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Infect Drug Resist ; 15: 2723-2728, 2022.
Article in English | MEDLINE | ID: covidwho-1951766


Previous studies have demonstrated that the appropriate production of serum anti-severe acute respiratory syndrome coronavirus 2 (SARS-Cov-2) neutralizing antibody (nAb) plays a critical role in the recovery from coronavirus disease 2019 (COVID-19); however, the role of nAb production in the recovery from a flare-up of chronic immune thrombocytopenia (ITP) has been unknown. We here report the first retrospectively investigated case of serum anti-SARS-Cov-2 nAb production during chronic ITP flare-up triggered by COVID-19. A 79-year-old woman with a history of corticosteroid-refractory ITP visited our hospital complaining of fever, cough, and sore throat for 4 days. Although chronic ITP was controlled by 12.5 mg of eltrombopag (EPAG) every other day, laboratory tests showed a decreased peripheral blood platelet count of 15.0 × 109/L, which indicated worsening thrombocytopenia. Meanwhile, PCR testing of a nasopharyngeal swab revealed that the patient was positive for SARS-Cov-2, and a computed tomography scan revealed bilateral pneumonia. On the basis of the flare-up of chronic ITP associated with COVID-19 pneumonia which was determined as a moderately severe status according to the WHO clinical progression scale, intravenous immunoglobulin therapy for 5 days (days 0-4) and antiviral therapy were added on top of EPAG, which only resulted in a transient increase in the platelet count for several days. After decreasing to 8.0 × 109/L on day 13, the platelet count increased from day 16, coinciding with a positive detection for serum nAb against SARS-Cov-2. Although the increased dose up to 50 mg/day of EPAG was challenged during the clinical course, rapid dose reduction did not cause another relapse. In addition, no thrombotic or bleeding event was seen. These collectively suggest the vital role of the production of anti-SARS-Cov-2 nAb and improvement of clinical symptoms for recovery from a flare-up of chronic ITP in our case.

Sci Transl Med ; 14(650): eabn7737, 2022 06 22.
Article in English | MEDLINE | ID: covidwho-1807308


The Omicron (B.1.1.529) SARS-CoV-2 variant contains an unusually high number of mutations in the spike protein, raising concerns of escape from vaccines, convalescent serum, and therapeutic drugs. Here, we analyzed the degree to which Omicron pseudo-virus evades neutralization by serum or therapeutic antibodies. Serum samples obtained 3 months after two doses of BNT162b2 vaccination exhibited 18-fold lower neutralization titers against Omicron than parental virus. Convalescent serum samples from individuals infected with the Alpha and Delta variants allowed similar frequencies of Omicron breakthrough infections. Domain-wise analysis using chimeric spike proteins revealed that this efficient evasion was primarily achieved by mutations clustered in the receptor binding domain but that multiple mutations in the N-terminal domain contributed as well. Omicron escaped a therapeutic cocktail of imdevimab and casirivimab, whereas sotrovimab, which targets a conserved region to avoid viral mutation, remains effective. Angiotensin-converting enzyme 2 (ACE2) decoys are another virus-neutralizing drug modality that are free, at least in theory, from complete escape. Deep mutational analysis demonstrated that an engineered ACE2 molecule prevented escape for each single-residue mutation in the receptor binding domain, similar to immunized serum. Engineered ACE2 neutralized Omicron comparably to the Wuhan strain and also showed a therapeutic effect against Omicron infection in hamsters and human ACE2 transgenic mice. Similar to previous SARS-CoV-2 variants, some sarbecoviruses showed high sensitivity against engineered ACE2, confirming the therapeutic value against diverse variants, including those that are yet to emerge.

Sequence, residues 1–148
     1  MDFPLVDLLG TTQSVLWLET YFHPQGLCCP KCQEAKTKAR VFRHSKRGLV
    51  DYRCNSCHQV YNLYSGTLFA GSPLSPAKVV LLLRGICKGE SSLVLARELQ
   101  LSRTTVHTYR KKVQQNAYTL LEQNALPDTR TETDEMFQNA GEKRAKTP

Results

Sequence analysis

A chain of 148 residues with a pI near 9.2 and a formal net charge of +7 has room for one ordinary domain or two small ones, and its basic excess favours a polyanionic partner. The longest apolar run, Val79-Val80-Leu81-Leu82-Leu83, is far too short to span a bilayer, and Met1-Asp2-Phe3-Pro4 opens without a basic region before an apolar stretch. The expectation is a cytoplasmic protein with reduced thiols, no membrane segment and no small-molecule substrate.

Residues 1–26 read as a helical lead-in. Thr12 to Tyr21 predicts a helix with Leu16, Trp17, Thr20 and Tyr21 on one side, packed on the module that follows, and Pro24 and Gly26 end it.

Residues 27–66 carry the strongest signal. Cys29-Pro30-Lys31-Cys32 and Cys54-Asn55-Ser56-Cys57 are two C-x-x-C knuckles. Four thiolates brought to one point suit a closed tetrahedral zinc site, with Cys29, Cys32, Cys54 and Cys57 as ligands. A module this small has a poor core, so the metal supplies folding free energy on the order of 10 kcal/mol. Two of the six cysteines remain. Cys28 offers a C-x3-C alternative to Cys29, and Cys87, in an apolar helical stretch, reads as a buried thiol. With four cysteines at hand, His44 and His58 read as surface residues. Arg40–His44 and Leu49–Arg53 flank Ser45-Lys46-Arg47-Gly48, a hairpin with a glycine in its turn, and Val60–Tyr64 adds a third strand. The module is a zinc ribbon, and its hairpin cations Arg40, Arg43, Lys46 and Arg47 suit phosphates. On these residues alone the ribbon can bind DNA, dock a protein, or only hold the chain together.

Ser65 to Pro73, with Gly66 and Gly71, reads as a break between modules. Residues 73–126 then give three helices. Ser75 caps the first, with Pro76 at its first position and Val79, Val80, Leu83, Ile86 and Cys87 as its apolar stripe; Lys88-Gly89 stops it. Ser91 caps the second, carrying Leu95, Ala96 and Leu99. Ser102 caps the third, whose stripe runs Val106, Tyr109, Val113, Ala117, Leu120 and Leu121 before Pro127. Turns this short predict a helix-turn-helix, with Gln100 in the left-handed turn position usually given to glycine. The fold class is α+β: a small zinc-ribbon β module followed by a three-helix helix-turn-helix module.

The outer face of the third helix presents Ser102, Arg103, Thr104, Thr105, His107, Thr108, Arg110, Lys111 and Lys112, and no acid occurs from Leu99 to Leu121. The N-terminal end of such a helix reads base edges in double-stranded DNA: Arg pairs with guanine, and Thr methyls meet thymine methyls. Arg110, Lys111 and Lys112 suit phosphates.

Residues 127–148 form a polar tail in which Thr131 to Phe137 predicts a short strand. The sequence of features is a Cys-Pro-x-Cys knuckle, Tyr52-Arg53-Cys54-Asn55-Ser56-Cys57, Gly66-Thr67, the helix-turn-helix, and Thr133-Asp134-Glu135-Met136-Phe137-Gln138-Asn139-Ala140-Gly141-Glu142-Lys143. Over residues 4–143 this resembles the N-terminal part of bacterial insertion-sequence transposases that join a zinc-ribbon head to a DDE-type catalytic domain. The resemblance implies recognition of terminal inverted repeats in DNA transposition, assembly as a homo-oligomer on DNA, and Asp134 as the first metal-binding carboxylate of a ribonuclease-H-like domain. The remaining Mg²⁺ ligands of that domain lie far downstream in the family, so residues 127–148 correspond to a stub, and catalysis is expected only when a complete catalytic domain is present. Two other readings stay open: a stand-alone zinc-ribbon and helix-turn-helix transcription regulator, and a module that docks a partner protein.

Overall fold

Angiotensin-Converting Enzyme 2 , COVID-19 , Animals , Antibodies, Monoclonal, Humanized , Antibodies, Neutralizing/therapeutic use , Antibodies, Viral/therapeutic use , BNT162 Vaccine , COVID-19/therapy , Humans , Immunization, Passive , Mice , Peptidyl-Dipeptidase A/chemistry , Peptidyl-Dipeptidase A/genetics , Peptidyl-Dipeptidase A/metabolism , SARS-CoV-2
EuropePMC; 2021.
Preprint in English | EuropePMC | ID: ppcovidwho-296726


The novel SARS-CoV-2 variant, Omicron (B.1.1.529) contains about 30 mutations in the spike protein and the numerous mutations raise the concern of escape from vaccine, convalescent sera and therapeutic drugs. Here we analyze the alteration of their neutralizing titer with Omicron pseudovirus. Sera of 3 months after double BNT162b2 vaccination exhibite ~27-fold lower neutralization titers against Omicron than D614G mutation. Neutralization titer is also reduced in convalescent sera from Alpha and Delta patients. However, some Delta patients have relatively preserved neutralization activity up to the level of 3-month double BNT162b2 vaccination. Omicron escapes from the cocktail of imdevimab and casirivimab, whereas sotrovimab that targets the conserved region to prevent viral escape is effective to Omicron similarly to the original SARS-CoV-2. The ACE2 decoy is another modality that neutralize the virus independently of mutational escape and Omicron is also sensitive to the engineered ACE2.